In slide no 16 he states that the budget for Phase 1 infrastructure is £21.4bn. It is important to note that this is the P95 confidence level estimate, which means that HS2 Ltd feels that there is a 95% chance of delivering Phase 1 at, or below, that figure, expressed in 2011 Q2 prices. In my blog I’m not talking about Crossrail, part 1 (posted 14 Dec 2013) I reported that Parliament had been told by HS2 Ltd, in the Estimate of Expense for Phase 1 document that was deposited with the hybrid Bill, that the budget for Phase 1 was £19.39bn, which is the P50 figure.

In confirming the £21.4bn budget figure to the Manchester audience, Sir David explained:

“Of course the easy thing to do would have been to reduce the contingency budget, but, given the uncertainty, particularly over the parliamentary timetable, that would have been irresponsible to do so.”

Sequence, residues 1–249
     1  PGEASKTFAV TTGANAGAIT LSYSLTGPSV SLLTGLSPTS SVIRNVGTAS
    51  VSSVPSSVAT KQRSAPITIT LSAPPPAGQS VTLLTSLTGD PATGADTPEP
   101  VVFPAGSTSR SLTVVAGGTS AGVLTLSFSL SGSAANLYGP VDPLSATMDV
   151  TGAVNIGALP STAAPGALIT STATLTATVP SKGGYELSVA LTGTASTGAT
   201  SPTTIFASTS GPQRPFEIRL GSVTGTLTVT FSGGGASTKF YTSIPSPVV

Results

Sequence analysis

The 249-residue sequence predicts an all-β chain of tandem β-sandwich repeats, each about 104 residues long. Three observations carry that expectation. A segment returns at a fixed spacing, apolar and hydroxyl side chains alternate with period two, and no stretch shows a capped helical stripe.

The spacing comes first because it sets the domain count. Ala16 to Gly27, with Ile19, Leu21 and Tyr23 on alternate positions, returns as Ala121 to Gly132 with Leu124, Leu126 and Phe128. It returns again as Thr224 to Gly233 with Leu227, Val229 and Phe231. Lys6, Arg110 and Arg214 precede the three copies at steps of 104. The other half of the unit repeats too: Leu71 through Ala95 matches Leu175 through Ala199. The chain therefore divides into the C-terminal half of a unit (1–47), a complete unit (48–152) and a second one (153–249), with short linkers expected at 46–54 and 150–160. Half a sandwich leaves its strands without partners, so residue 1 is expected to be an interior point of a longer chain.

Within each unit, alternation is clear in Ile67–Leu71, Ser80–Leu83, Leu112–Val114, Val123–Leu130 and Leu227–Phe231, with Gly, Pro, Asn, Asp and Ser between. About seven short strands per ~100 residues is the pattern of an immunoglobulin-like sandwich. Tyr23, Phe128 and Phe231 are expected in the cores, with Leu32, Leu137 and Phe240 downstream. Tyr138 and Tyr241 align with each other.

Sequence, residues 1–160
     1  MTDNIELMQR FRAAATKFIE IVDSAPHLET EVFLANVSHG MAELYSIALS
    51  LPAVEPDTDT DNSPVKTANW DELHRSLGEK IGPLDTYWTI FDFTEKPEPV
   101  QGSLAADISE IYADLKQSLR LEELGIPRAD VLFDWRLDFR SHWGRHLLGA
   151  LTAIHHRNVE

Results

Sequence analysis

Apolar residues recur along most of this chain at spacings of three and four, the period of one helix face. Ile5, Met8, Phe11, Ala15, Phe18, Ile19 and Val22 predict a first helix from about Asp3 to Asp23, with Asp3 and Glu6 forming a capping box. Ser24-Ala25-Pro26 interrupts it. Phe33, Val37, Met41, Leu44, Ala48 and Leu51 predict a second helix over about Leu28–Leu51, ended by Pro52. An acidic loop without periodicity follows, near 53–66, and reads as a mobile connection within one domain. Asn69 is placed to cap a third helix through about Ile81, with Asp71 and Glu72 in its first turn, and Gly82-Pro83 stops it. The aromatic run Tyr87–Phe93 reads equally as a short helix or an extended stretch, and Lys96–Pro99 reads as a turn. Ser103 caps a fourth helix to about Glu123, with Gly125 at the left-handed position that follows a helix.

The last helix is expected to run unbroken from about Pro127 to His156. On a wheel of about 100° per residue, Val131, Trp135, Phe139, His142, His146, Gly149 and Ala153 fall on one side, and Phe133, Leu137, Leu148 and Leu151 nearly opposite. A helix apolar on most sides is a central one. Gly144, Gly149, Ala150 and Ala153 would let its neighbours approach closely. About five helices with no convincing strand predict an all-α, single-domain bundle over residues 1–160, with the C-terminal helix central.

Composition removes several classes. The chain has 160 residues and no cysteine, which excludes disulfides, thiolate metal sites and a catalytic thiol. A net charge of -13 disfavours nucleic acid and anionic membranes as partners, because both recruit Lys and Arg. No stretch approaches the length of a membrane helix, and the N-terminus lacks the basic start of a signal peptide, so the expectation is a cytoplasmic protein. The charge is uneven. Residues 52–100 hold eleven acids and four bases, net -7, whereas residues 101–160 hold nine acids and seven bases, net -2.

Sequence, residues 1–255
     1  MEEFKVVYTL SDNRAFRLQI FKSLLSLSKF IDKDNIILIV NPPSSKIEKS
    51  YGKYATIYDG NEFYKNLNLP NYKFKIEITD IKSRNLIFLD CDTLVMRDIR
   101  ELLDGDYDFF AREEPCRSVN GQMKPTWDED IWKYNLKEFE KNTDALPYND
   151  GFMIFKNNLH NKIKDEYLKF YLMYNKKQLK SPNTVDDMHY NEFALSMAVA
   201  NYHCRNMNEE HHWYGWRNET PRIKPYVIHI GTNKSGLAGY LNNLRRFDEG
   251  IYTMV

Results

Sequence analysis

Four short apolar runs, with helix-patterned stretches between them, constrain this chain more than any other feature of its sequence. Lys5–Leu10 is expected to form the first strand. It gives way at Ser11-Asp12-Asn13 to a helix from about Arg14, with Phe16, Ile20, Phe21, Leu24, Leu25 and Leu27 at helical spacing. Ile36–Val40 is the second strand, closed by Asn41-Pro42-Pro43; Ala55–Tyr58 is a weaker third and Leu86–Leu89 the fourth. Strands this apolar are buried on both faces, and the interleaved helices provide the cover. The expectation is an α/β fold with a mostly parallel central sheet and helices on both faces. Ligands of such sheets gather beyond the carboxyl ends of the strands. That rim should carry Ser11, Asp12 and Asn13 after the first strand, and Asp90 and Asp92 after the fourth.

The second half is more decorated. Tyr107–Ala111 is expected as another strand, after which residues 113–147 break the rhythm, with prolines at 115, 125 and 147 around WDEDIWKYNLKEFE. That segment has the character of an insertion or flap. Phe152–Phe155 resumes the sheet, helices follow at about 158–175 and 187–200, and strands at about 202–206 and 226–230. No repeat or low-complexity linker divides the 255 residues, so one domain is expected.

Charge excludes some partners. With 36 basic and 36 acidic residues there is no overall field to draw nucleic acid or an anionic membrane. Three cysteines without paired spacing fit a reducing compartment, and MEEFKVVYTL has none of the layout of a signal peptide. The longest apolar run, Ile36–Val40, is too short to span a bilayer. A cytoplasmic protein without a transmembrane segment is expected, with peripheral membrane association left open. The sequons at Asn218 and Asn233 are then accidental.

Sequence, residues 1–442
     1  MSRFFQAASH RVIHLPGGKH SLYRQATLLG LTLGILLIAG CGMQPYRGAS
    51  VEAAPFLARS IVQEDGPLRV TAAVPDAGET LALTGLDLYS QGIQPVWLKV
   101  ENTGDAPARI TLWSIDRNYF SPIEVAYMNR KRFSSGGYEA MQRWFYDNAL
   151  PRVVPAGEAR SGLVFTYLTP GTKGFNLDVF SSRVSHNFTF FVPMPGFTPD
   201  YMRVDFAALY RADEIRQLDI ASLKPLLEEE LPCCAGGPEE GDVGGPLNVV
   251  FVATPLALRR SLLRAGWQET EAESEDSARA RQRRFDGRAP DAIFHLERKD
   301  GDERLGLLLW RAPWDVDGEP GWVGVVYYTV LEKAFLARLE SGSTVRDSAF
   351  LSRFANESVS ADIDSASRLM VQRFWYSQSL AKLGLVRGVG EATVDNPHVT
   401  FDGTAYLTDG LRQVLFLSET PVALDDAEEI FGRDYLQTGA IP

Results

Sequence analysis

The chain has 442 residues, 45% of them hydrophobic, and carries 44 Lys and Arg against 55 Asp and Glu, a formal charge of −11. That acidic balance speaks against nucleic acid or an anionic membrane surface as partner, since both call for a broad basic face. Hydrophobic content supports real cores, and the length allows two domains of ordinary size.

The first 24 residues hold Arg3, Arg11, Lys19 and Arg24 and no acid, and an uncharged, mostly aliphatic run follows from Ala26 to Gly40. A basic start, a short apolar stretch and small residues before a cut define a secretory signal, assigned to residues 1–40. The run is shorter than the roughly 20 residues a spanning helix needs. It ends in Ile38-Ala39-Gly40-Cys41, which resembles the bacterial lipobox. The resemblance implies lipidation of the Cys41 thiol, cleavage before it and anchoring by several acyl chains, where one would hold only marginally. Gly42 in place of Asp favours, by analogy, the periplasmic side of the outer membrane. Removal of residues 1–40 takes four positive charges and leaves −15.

But by using the P95 figure, far from proposing a reduction to the contingency, Sir David is actually claiming an increase of £2.01bn. But it is in fact worse than that, because Sir David is also trousering an addition to the contingency of £0.7bn for “potential scope saving (including risk reduction)”. He doesn’t appear to have explained this item, or even mentioned it, in his launch speech, but I take it to be the saving from cancelling the HS1-HS2 link. So, all in all, Sir David is refusing to release his grip on £6.45bn of contingency for Phase 1, representing a massive 41% of the estimated base cost.